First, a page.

Secrets of Chinatown
Canada Before 1950
Directed by Fred Newmeyer.

An incredible psychotronic delight. Vancouver Chinatown is a hotbed of men in hoods, knife-throwing fiends, coins of death, and a satan worshipping cult of opium smugglers. What more can you ask for?

The insularity of Chinatown leads to much speculation as to the sinister events which must be occuring inside, away from the prying eyes of the ineffectual police and the rest of the country at large. Secrets of Chinatown reaches a conclusion I must admit I'm surprised we haven't seen more often -- they're secretive because they're a bunch of Satan worshippers!

The scene: Vancouver, Chinatown. Two corrupt ship captains are sitting in a Chinese restaurant discussing shipping opium into the city stuffed into cigars when one of the nearby patrons gets a coin delivered in his soup and a knife in the back. The police are on the case right away, but soon enough even their best man is killed. Only one man can crack the secret of the Chinese death coin -- Donegal Dawn! (Raymond Lawrence). A real Sherlock Holmes type, but with an imperialist flair, Dawn heads to the Mayor's office to take on the case -- in disguise as a Hindu, for some reason, including a bit of blackface, so "no one suspects I am working on the case," he says, though given that absolutely no actual Hindus appear in Chinatown, he would have probably stood out somewhat anyway. But that's just the beginning of his almost endless array of clever strategems and brilliant ideas, none of which make a whit of sense.

Meanwhile ace reporter Robert Rand (Nick Stuart) heads down to the curio shop where he meets two people: the owner, Chan Tow-Ling (Harry Hewitson, the only Chinese actor on set), and Zenobia (Lucille Brown), his quiet, blonde haired, blue eyed assistant. "But I don't understand," he cries, "You're a white girl, what are you doing in a place like this?" When he very nearly gets a knife in the back, too, he goes running to Dawn for help.

Donegal investigates: " seems they didn't bow down to the magic eye of Lao Tse," he explains, "the ancient seer...the father of a strange devil worship. he lived on the side of a mountain where they came to worship." I love this movie. Of course he's referring to Lao Tzu, famed recluse and author of the Tao Te Ching. It's not every day Taoism is considered a form of devil worship. But there's more: soon, a man is hypnotized to kill, and only an old mystic shaman can unlock his brain (another of Donegal's brilliant schemes, of course). Zenobia, meanwhile, is being worshipped by black cloaked fiends, until she turns into a gold statue of Buddha. The reporter is set to be sacrificed, and only Donegal Dawn can save the day, and unmask the leader of the mysterious, robed cult (gasp -- can it be -- the ONLY Chinese actor in the film? Gee, what a surprise).

Only an hour long, Secrets of Chinatown is a delirious mix of yellow peril paranoia and boys adventure story. Knife-wielding Chinamen, opium smugglers, hypnosis, hallucinations, and a satanic cabal are arrayed against our hero Donegal Dawn, an old India hand I would imagine, whose keen intellect constantly provides insights like, "The human mind is queer -- it makes happenings like this possible."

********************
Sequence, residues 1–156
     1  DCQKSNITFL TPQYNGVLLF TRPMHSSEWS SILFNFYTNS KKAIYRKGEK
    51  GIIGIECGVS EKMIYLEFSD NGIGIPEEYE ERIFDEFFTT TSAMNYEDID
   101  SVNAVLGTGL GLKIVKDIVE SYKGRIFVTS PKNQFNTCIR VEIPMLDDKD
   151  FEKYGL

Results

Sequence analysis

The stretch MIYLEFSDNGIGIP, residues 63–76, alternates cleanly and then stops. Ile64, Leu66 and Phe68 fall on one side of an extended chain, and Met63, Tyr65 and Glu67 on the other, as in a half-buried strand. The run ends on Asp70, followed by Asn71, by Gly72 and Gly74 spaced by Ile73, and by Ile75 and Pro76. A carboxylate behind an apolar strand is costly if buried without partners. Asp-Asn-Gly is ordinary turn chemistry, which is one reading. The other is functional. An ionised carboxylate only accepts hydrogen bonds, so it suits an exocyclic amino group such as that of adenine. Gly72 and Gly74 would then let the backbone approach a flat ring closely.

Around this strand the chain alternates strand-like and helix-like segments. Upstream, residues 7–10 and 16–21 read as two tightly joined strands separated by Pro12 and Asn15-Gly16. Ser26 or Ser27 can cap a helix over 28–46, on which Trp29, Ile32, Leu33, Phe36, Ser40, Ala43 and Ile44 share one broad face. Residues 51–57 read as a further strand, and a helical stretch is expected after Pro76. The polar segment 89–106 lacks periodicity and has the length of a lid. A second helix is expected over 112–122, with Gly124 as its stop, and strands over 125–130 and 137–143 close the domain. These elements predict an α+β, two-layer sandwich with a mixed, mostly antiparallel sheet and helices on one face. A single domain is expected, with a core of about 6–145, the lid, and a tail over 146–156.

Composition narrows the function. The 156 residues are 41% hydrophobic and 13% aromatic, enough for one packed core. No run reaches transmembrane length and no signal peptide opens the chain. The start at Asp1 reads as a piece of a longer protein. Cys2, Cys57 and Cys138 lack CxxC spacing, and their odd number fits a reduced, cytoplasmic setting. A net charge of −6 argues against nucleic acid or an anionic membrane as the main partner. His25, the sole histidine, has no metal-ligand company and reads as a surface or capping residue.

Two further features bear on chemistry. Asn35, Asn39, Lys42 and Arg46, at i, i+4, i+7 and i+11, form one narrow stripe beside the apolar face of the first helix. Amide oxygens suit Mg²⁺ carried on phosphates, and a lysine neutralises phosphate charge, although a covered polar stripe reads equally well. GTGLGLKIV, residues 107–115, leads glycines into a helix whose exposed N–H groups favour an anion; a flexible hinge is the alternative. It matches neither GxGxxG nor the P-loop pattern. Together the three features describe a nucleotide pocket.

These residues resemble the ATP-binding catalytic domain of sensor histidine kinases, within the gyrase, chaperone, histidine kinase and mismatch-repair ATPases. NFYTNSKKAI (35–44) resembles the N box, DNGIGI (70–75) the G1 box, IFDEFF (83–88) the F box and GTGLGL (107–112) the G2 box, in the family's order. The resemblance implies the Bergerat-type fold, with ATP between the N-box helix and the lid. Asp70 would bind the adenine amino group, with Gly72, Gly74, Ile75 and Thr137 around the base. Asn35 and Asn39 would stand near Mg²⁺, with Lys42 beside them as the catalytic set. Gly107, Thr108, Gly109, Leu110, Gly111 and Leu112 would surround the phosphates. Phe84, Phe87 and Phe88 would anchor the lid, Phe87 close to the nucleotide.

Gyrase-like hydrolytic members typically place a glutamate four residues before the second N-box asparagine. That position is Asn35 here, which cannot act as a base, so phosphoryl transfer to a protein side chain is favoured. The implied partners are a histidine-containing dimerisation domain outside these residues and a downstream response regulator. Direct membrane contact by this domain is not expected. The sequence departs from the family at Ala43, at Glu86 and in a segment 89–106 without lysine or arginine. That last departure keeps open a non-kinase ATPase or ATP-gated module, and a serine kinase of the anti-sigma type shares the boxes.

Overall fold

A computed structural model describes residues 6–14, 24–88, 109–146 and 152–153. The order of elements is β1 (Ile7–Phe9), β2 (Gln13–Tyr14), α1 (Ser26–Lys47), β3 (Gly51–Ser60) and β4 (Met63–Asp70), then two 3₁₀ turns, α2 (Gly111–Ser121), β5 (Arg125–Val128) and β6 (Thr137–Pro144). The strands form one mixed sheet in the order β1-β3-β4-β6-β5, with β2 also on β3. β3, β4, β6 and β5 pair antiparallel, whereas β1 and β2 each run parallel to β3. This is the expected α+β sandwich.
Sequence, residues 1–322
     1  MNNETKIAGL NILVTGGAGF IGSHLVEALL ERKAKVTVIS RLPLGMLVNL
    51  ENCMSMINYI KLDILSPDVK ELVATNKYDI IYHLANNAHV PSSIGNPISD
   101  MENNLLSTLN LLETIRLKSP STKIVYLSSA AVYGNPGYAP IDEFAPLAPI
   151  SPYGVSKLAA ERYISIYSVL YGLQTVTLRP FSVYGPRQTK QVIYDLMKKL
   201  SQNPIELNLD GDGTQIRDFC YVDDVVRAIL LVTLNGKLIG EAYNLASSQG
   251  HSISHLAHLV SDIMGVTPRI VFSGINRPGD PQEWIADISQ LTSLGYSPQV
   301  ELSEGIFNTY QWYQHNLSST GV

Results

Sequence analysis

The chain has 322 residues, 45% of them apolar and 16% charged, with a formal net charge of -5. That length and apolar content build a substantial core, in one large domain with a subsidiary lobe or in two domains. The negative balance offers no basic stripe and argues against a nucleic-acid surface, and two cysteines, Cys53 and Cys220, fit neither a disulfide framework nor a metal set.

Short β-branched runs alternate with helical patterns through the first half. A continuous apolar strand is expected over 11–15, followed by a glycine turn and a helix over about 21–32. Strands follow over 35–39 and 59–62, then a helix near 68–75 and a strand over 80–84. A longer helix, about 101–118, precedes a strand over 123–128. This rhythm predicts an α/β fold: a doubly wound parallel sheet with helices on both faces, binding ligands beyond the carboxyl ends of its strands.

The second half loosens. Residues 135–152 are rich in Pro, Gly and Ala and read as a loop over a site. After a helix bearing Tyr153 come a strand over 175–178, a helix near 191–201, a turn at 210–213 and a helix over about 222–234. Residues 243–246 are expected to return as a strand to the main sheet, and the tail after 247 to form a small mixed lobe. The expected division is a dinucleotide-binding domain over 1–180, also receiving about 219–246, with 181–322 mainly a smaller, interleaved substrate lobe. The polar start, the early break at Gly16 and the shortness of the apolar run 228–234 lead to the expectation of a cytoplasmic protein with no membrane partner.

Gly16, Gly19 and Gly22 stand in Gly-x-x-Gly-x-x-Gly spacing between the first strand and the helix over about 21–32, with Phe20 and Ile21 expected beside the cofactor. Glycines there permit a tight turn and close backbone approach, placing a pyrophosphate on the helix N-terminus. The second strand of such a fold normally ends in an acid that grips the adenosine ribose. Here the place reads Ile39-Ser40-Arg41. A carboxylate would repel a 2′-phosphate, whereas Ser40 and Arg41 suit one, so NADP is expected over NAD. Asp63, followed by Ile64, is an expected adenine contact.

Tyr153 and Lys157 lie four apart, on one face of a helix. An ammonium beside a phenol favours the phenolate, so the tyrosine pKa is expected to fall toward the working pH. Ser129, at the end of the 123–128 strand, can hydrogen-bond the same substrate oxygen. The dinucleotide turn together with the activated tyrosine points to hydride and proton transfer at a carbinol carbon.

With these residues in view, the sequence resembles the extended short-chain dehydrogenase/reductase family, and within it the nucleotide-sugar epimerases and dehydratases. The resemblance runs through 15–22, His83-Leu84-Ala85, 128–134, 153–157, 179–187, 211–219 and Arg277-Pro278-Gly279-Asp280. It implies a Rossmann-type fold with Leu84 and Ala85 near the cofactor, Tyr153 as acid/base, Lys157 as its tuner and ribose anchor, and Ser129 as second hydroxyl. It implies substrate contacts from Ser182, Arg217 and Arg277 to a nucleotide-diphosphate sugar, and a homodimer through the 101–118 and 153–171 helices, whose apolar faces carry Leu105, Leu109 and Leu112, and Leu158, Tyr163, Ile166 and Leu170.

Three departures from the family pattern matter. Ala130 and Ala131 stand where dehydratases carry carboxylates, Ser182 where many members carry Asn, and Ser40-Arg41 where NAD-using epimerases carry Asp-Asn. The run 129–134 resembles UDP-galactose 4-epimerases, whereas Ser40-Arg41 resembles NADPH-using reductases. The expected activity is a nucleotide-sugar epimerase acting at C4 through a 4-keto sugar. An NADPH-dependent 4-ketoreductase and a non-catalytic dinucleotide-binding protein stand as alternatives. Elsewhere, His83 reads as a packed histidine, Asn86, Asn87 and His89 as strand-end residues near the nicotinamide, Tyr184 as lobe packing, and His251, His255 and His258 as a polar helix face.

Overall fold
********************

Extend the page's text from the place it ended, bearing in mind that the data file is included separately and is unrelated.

In 1927 the British Parliament, looking to put a stop to the flood of American pictures dominating the market there, passed the British Cinematograph Films act. This act placed a quota on exhibitors for the number of British films shown in relation to the number of foreign films. The act would in effect shut out many American productions from distribution in the U.K. However, there was one loophole -- the act considered films made in any of the Commonwealth countries to be "British." So Hollywood did the only sensible thing -- they set up studios in Victoria, Canada to dash off a bunch of cheap films that could fill the quota.

The Victoria studios were at first independent, under the name "Commonwealth Productions Ltd," but they could not find a distributer for their first film, The Crimson Paradise, and went bankrupt before completing the second. Columbia Pictures bought it up, changed the name to "Central Pictures," and they went on to shoot a dozen more, in 1935, and successfully distributing them in the U.K. before the British finally got wise and closed the loophole.

Secrets of Chinatown is a 1935 effort from Central Pictures (Though, it still has the "Commonwealth Productions Ltd" name on its title card). These "quota quickies," as they are called, are almost universally reviled by film historians. "Less than B-Grade," is the usual dismissal. But if this film is any indication, they were every bit as entertaining as any other programmer made in the 30's. One of Central Pictures other productions featured a young Rita Hayworth. The cast of Secrets is not too bad, either. James Flavin, a veteran of over three hundred films who always appeared as a rock-jawed working class Irishman, and never a bad guy (perhaps best remembered as the second mate in King Kong (1933)), has a part here as a ship captain in over his head. Lucille Brown is the imperiled white girl, who often appeared as a heroine in westerns, and was married to Flavin in real life. Of Harry Hewitson, the Chinese villain of the piece, I could find nothing else. He spoke fluent Cantonese, my untrained ears thought they heard, and was not a bad actor to boot. But as far as I know his career began and ended here, in a long forgotten quota quickie.

Rating: Recommended (Recommended)

Posted by Peter Nepstad on April 28, 2004.

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